Heroes come in many shapes and sizes.
Born and raised in Odessa, Texas, Chris Kyle became a professional rodeo rider until injury forced him to reassess his priorities.
He enlisted with the military and his keen eye - nurtured by his father who taught him to hunt at an early age – set Kyle apart as a sniper.
During four tours of duty in Iraq, he gained the reputation as the most lethal sniper in American military history, with 160 confirmed kills to his name. Such was his notoriety, the enemy nicknamed him ‘The Devil Of Ramadi’ and put a sizeable bounty on his head.
When Kyle eventually returned home, deeply scarred by clashes with insurgents and the deaths of his brothers in arms, he gradually regained his humanity and reconnected with his family by working with veterans suffering from post-traumatic stress disorder.
In a bitter twist, having survived Iraq, Kyle was killed by one of those traumatised veterans on a Texas shooting range.
His achievements are celebrated in Clint Eastwood’s impeccably crafted biopic, which opens on a rooftop in Iraq with Chris Kyle (Bradley Cooper) staring down a telescopic sight as a woman and her young son emerge from a building.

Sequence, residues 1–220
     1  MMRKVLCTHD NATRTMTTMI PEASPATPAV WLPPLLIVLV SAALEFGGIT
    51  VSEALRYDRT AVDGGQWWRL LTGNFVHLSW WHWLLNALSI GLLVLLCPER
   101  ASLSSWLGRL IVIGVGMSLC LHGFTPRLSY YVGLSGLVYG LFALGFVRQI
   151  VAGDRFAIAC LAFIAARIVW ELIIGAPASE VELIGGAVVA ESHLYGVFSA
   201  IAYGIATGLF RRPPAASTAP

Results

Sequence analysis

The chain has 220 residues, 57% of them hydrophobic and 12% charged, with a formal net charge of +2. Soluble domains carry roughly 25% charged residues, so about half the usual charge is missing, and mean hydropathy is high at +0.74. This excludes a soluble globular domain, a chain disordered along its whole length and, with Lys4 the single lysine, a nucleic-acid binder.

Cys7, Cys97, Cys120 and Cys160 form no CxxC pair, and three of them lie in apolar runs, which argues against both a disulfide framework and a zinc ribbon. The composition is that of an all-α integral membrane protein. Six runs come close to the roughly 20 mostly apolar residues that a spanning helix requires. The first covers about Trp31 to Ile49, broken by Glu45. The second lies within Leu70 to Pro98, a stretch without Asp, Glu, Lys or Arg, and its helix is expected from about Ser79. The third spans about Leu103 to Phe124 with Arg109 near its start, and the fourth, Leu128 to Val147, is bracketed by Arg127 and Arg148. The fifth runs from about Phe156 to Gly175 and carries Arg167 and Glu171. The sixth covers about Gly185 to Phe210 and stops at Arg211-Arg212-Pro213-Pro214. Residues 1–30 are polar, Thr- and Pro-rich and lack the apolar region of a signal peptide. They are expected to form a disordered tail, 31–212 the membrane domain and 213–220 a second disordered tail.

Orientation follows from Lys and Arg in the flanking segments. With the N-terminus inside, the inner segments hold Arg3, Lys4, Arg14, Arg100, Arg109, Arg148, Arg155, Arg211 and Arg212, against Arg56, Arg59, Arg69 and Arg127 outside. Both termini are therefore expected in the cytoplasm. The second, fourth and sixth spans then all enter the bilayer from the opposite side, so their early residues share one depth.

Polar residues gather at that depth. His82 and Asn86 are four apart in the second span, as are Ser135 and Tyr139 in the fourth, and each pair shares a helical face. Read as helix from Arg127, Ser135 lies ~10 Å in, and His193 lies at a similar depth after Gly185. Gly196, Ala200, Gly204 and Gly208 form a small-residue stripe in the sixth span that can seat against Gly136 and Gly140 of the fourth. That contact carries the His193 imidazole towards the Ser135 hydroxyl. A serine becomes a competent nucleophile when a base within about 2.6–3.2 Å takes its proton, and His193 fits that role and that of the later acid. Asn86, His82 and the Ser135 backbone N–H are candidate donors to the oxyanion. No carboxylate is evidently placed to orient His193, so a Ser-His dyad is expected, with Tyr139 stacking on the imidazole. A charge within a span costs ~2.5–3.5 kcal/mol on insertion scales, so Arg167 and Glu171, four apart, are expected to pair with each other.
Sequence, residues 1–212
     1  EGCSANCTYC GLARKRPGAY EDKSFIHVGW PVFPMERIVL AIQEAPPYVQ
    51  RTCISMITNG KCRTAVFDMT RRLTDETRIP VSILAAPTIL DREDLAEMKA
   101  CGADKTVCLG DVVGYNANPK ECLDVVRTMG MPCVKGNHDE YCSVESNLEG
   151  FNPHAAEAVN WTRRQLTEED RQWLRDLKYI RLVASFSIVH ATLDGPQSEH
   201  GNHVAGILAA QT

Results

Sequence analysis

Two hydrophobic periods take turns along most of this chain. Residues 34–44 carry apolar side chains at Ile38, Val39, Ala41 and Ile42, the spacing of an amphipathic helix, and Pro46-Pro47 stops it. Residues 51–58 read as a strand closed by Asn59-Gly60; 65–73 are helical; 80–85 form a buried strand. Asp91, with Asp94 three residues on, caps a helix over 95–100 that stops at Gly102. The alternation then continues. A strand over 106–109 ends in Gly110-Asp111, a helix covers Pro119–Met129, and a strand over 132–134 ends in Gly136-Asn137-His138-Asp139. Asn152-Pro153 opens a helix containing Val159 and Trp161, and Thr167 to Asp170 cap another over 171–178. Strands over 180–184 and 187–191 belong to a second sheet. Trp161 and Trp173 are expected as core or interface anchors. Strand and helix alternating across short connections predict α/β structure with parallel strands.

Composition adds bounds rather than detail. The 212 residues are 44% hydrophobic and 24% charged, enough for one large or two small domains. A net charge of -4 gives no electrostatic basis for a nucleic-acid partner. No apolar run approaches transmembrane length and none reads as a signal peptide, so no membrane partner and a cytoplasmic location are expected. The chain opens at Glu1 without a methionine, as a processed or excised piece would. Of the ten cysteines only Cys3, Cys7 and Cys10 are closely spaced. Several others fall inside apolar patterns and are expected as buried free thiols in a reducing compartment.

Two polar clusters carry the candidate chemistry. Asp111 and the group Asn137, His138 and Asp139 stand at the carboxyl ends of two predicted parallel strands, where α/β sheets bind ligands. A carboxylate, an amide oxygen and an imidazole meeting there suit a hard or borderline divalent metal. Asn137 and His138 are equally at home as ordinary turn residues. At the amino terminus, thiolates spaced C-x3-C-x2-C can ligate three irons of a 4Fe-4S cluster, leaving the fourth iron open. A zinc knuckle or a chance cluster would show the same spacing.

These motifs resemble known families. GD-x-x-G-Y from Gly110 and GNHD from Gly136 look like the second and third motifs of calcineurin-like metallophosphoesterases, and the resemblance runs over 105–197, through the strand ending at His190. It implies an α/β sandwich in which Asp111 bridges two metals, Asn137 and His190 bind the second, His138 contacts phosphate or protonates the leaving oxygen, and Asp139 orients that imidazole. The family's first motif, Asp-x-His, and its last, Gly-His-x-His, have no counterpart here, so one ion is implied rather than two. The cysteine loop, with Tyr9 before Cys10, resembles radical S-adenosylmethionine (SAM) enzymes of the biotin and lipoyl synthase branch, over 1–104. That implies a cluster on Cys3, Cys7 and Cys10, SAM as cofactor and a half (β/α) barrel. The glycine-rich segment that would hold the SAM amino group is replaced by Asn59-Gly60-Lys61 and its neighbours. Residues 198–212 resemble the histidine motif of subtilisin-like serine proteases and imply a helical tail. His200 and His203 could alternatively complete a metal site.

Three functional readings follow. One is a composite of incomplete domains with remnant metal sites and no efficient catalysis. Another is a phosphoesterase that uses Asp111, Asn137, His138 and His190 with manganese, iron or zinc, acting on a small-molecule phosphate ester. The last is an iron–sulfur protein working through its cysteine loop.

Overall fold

Tensions steadily cranks up as Kyle places his finger on the trigger.
‘They’ll fry you if you’re wrong,’ warns his compatriot Goat-Winston (Kyle Gallner).
We rewind initially to Chris’ childhood, where he learns how to handle a gun with his father Wayne (Ben Reed).
‘You’re going to make a fine hunter some day,’ says the old man tenderly.
When dreams of bull-riding turn sour, Chris enlists and he meets Taya (Sienna Miller) in a bar.
They marry and she raises their family alone while Chris fights overseas and attempts to outwit an elusive rival sniper called Mustafa (Sammy Sheik).With each successive tour, Chris returns home unable to communicate effectively with his loved ones.
‘I need you to be human again,’ pleads Taya. ‘I need you to be here.’
American Sniper unfolds from Kyle’s fervently patriotic perspective and the lack of narrative balance might trouble some audiences.
Eastwood is more interested here in the psychology of a father and husband than wading through the murky politics and morality of modern warfare.
Battle sequences are choreographed with meticulous precision and Cooper, who bulked up for the role, affects a drawl to perfection as he conveys the demons that haunt Kyle and drive him further from the people that love him the most.
Miller is solid in a meaty supporting role, reminding Chris of his responsibilities to his family as well as his country.
‘I’m making memories by myself. I have no one to share them with,’ sobs Taya.
Kyle’s memory is polished to a lustre by Eastwood’s film.